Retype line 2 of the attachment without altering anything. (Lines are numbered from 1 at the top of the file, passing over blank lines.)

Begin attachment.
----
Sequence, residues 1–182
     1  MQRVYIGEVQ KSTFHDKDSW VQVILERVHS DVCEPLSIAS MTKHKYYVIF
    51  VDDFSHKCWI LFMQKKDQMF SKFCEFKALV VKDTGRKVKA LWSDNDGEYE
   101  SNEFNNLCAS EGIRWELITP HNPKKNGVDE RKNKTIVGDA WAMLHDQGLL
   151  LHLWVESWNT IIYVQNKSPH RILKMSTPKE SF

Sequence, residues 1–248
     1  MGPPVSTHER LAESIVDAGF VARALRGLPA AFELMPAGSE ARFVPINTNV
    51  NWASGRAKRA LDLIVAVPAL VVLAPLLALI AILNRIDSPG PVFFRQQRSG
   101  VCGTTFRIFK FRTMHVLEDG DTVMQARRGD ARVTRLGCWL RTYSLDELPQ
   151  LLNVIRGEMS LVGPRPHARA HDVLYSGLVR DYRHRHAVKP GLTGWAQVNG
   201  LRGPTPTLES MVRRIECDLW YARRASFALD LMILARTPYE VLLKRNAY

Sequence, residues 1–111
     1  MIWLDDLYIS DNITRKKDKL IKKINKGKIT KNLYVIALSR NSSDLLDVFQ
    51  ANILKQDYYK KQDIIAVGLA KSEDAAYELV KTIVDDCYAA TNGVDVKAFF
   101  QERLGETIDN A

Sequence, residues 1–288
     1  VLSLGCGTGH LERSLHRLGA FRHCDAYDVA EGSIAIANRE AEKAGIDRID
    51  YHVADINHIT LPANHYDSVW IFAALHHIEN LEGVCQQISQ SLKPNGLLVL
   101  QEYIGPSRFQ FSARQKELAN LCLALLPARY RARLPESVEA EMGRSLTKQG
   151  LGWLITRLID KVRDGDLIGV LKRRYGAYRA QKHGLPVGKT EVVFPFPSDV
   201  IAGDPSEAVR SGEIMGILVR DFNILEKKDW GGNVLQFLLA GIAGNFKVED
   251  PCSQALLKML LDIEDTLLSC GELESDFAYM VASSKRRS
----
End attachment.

     1  MQRVYIGEVQ KSTFHDKDSW VQVILERVHS DVCEPLSIAS MTKHKYYVIF